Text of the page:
Kenneth LAMBERT v. COMMISSIONER OF CORRECTION.
The petitioner, Kenneth Lambert, appeals following the habeas court's denial of his petition for certification to appeal from the judgment denying his amended petition for a writ of habeas corpus. We dismiss the appeal.
The petitioner was convicted of attempt to commit murder in violation of General Statutes §§ 53a-54a and 53a-49, and assault in the first degree in violation of General Statutes § 53a-59. He then filed a direct appeal, and this court affirmed the judgment of conviction. State v. Lambert, 58 Conn.App. 349, 754 A.2d 182, cert. denied, 254 Conn. 915, 759 A.2d 507 (2000).
The petitioner subsequently filed a three count, amended petition for a writ of habeas corpus in which he claimed that his trial counsel had provided ineffective assistance. The petitioner claimed that he received ineffective assistance on the basis of his counsel's failure (1) to call an independent medical expert, (2) to call an alibi witness and (3) to conduct an independent forensic test of the gunpowder residue found on the petitioner's car. The court rejected the petitioner's claims and denied certification to appeal.
“In a habeas appeal, although this court cannot disturb the underlying facts found by the habeas court unless they are clearly erroneous, our review of whether the facts as found by the habeas court constituted a violation of the petitioner's constitutional right to effective assistance of counsel is plenary․ Faced with a habeas court's denial of a petition for certification to appeal, a petitioner can obtain appellate review of the dismissal of his petition for habeas corpus only by satisfying the two-pronged test enunciated by our Supreme Court in Simms v. Warden, 229 Conn. 178, 640 A.2d 601(1994), and adopted in Simms v. Warden, 230 Conn. 608, 612, 646 A.2d 126 (1994). First, he must demonstrate that the denial of his petition for certification constituted an abuse of discretion․ Second, if the petitioner can show an abuse of discretion, he must then prove that the decision of the habeas court should be reversed on its merits․
“To prove an abuse of discretion, the petitioner must demonstrate that the [resolution of the underlying claim involves issues that] are debatable among jurists of reason; that a court could resolve the issues [in a different manner]; or that the questions are adequate to deserve encouragement to proceed further․ For the petitioner to prevail on his claim of ineffective assistance of counsel, he must establish both that his counsel's performance was deficient and that there is a reasonable probability that, but for the counsel's mistakes, the result of the proceedings would have been different.” (Internal quotation marks omitted.) Anderson v. Commissioner of Correction, 83 Conn.App. 595, 597, 850 A.2d 1063, cert. denied, 271 Conn. 905, 859 A.2d 560 (2004); see also Strickland v. Washington, 466 U.S. 668, 694, 104 S.Ct. 2052, 80 L.Ed.2d 674 (1984).
During the habeas hearing, the petitioner failed to call either a medical expert or the alibi witness to demonstrate that their testimony may have benefited him. The failure of the petitioner to offer evidence as to what a witness would have testified is fatal to his claim. See Adorno v. Commissioner of Correction, 66 Conn.App. 179, 186, 783 A.2d 1202, cert. denied, 258 Conn. 943, 786 A.2d 428 (2001). The petitioner seeks to have us use hindsight with regard to his counsel's decision not to call the witnesses to testify. We will not do so. We have stated that “the presentation of testimonial evidence is a matter of trial strategy․ The failure of defense counsel to call a potential defense witness does not constitute ineffective assistance unless there is some showing that the testimony would have been helpful in establishing the asserted defense.” (Internal quotation marks omitted.) Id. In the absence of testimony from either a medical expert or the alibi witness, we are unable to conclude that the petitioner was prejudiced.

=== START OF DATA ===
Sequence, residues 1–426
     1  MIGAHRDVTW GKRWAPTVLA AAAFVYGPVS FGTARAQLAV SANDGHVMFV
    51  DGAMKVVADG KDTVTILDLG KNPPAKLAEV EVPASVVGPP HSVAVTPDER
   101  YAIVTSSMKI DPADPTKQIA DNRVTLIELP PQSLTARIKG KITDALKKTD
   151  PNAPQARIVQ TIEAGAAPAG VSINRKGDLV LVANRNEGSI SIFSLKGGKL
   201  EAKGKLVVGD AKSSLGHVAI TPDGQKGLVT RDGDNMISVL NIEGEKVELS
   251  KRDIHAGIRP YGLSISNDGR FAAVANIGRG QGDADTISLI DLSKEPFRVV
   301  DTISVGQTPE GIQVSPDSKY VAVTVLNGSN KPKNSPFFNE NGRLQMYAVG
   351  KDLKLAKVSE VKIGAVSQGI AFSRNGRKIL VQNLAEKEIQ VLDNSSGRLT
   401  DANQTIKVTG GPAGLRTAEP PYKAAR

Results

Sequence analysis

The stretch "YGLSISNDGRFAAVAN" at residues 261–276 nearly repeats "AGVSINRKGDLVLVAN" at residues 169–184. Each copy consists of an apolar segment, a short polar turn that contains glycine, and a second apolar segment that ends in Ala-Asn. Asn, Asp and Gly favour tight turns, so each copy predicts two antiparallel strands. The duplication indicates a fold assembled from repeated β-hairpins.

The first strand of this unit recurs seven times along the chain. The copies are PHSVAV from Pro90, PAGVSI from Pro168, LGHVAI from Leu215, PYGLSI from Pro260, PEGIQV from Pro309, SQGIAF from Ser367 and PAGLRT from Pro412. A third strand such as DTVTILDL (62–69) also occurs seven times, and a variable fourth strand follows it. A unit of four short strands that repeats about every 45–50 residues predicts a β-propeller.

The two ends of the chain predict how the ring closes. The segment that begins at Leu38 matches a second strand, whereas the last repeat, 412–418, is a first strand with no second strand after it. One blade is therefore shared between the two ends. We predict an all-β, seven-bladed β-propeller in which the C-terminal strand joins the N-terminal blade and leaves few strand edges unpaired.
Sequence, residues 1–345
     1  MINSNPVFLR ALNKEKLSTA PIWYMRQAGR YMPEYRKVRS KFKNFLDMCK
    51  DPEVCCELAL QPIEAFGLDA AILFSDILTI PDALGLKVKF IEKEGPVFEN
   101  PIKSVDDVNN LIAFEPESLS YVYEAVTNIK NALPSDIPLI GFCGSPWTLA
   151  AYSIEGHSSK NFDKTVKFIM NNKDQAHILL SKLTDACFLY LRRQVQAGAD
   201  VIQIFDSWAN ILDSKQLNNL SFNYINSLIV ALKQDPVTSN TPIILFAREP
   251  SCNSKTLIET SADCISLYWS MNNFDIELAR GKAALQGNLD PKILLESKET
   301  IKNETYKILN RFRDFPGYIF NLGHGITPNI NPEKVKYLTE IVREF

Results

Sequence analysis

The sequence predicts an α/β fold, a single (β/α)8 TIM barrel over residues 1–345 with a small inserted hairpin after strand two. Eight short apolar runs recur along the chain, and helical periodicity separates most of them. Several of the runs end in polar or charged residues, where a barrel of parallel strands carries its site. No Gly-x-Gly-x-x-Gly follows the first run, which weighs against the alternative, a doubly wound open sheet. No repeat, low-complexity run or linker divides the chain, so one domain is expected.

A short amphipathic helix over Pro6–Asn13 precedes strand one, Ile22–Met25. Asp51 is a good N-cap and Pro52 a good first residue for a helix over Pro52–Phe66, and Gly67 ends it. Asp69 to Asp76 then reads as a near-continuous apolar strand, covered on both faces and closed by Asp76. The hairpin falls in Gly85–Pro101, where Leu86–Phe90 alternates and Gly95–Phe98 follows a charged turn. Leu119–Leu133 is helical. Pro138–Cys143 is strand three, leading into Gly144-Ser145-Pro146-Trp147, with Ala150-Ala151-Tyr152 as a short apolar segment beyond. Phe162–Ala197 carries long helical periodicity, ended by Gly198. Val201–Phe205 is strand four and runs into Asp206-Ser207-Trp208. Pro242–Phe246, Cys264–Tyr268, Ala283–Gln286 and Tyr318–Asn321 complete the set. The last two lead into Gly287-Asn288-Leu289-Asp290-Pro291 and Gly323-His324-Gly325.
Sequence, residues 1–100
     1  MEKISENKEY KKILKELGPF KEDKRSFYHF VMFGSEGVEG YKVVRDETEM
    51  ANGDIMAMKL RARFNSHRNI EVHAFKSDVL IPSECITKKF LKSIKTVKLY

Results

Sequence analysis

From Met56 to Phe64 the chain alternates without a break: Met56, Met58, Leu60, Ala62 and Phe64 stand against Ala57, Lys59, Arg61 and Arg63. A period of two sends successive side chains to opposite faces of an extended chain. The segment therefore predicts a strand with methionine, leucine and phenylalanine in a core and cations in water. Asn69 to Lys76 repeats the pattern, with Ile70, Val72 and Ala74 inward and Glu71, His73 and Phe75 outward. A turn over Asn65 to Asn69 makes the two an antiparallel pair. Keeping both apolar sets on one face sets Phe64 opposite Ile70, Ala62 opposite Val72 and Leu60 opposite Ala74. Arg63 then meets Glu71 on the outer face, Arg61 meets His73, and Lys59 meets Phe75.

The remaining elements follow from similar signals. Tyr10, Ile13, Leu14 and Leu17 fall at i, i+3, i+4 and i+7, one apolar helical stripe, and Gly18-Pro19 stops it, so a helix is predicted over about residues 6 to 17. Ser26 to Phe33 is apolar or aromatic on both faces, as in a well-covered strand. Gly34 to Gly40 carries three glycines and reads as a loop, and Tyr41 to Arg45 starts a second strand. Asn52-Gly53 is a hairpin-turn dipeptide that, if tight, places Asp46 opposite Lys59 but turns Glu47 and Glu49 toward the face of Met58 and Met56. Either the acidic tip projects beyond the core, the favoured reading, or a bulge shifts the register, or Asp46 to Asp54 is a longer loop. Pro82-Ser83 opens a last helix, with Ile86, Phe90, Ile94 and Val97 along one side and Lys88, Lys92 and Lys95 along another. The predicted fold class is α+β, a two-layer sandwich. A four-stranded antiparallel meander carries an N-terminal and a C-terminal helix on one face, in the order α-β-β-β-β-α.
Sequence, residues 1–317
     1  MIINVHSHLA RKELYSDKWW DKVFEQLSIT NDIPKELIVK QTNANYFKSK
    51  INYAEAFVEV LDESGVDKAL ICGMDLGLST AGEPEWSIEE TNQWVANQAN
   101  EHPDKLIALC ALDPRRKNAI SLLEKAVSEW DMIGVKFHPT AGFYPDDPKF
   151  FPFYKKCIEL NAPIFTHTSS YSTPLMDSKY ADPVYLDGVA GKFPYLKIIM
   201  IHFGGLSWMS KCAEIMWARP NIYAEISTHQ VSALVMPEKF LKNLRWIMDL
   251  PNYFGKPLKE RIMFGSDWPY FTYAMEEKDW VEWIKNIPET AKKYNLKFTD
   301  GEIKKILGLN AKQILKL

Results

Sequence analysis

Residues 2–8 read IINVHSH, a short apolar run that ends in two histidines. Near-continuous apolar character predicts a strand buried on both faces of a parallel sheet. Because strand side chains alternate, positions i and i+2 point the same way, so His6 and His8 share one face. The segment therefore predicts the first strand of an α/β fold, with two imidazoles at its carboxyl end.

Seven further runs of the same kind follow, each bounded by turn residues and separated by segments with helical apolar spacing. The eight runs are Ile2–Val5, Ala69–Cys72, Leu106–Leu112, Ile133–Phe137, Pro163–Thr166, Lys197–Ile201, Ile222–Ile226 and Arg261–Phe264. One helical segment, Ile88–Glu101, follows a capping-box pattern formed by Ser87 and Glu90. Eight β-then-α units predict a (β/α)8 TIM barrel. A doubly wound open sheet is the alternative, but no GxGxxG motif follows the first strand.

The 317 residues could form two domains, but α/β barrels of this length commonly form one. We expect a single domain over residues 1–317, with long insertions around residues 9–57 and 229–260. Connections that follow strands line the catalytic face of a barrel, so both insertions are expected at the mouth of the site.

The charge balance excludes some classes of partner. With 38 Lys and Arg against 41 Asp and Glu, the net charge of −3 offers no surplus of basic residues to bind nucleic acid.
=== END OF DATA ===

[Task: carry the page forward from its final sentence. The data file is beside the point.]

Likewise, we are unable to conclude that the petitioner was prejudiced by the absence of independent gunshot residue testing without the submission of any such evidence that would undermine the certainty of the petitioner's conviction. See Evans v. Commissioner of Correction, 37 Conn.App. 672, 682, 657 A.2d 1115 (failure of counsel to conduct independent forensic testing insufficient to undermine guilty verdict), cert. denied, 234 Conn. 912, 660 A.2d 354 (1995).
We carefully have reviewed the record, the court's ruling and the briefs submitted by the parties. The petitioner has not demonstrated that the issues raised with regard to the court's denial of his petition for a writ of habeas corpus are debatable among jurists of reason, that a court could resolve the issues in a different manner or that the questions raised deserve encouragement to proceed further. See Lozada v. Deeds, 498 U.S. 430, 431-32, 111 S.Ct. 860, 112 L.Ed.2d 956 (1991). Having failed to satisfy any of these criteria, the petitioner has failed to demonstrate that the court's denial of his petition for certification to appeal reflects an abuse of discretion. See Simms v. Warden, supra, 230 Conn. at 612, 646 A.2d 126.
The appeal is dismissed.
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